Saying goodbye to Manhasset’s ‘Mr. V’, Mark van Schenkhof

Saying goodbye to Manhasset’s ‘Mr. V’, Mark van Schenkhof
Mark van Schenkhof, of Port Washington. (Photo courtesy of Julie Lavin)

“The roots of education are bitter, but the fruit is sweet.” 

Those are the words of the ancient Greek philosopher Aristotle, some of which were shared many times by Mark van Schenkhof with his students throughout his 20-year career in Manhasset. 

However, the fruit for van Schenkhof was more than just sweet, it gave him a lifetime’s worth of love from those he taught and those who knew him.  

The Manhasset High School choir director and teacher died earlier this month on New Year’s Day. He was 68.

Van Schenkhof had a six-year battle with amyotrophic lateral sclerosis, or ALS, a nervous system disease also known as Lou Gehrig’s disease that weakens muscles and impairs physical function.

He died at his Port Washington home comforted by his wife of 29 years, Carol, while in hospice care. 

Van Schenkhof, otherwise known as “Mr. V” to his students, leaves behind a lasting legacy to the hundreds of students he taught throughout his career, many of whom have shared personal memories of the beloved teacher online.

Born in Patterson, N.J., on March 10, 1955, Mark van Schoenkhof attended both Ridgefield and West Milford High Schools, according to his obituary. His journey into formal training began when he was offered a full-voice scholarship to Julliard in New York City, changing his intended plan to become a math major, which in his words was the only subject he was good at.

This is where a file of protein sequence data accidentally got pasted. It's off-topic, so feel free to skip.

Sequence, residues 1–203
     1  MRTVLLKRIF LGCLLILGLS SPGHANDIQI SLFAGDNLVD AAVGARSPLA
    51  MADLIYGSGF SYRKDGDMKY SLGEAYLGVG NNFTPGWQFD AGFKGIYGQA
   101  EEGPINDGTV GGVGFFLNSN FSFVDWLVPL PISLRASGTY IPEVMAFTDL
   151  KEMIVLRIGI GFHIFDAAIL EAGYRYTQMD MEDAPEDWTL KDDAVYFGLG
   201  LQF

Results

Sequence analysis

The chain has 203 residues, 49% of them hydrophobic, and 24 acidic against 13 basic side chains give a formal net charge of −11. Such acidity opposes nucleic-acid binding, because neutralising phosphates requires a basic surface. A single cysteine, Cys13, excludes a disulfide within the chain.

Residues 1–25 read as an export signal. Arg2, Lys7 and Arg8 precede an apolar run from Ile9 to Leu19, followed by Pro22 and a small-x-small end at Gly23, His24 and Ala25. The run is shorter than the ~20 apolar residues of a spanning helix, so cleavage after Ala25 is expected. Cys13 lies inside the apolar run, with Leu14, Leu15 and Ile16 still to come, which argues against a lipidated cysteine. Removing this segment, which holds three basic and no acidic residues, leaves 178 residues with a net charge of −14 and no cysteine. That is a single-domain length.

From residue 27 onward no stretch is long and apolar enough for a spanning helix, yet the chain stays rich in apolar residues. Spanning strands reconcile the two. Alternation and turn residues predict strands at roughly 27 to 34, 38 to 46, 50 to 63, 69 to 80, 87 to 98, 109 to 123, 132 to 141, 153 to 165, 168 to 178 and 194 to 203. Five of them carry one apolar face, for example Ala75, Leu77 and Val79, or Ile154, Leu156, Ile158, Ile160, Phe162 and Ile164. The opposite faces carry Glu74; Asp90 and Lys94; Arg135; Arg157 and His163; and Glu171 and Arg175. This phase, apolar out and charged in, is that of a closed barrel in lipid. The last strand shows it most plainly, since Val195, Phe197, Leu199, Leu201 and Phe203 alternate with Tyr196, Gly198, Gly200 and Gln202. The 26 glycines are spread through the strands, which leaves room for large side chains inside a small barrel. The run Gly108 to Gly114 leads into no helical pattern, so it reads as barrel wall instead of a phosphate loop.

During his time at Manhasset, van Schenkof and his choirs traveled across the country and the world to share their talents, including performances at the United Nations, the White House, Trinity Church in Manhattan and the Vatican.

But the most revered location he and his teachings went to can’t be found on a map: the hearts of all those he loved. 

“He imparted valuable life lessons to each of his students that we will use for our entire life,” said Gabriella Stein, a former student in the symphonic choir and select ensemble and a close friend of van Schenkhof.  She told Blank Slate Media, “whether it was a personalized birthday message with a recording of him singing ‘Happy Birthday’ or a college recommendation letter uniquely tailored for the student and school, Mr. V always displayed extra effort to make every student feel special and important.”

Aside from his musical expertise, one that was forged from attending the Manhattan School of Music after Julliard and the many parishes he worked at, students remember the lessons they say transcended the classroom.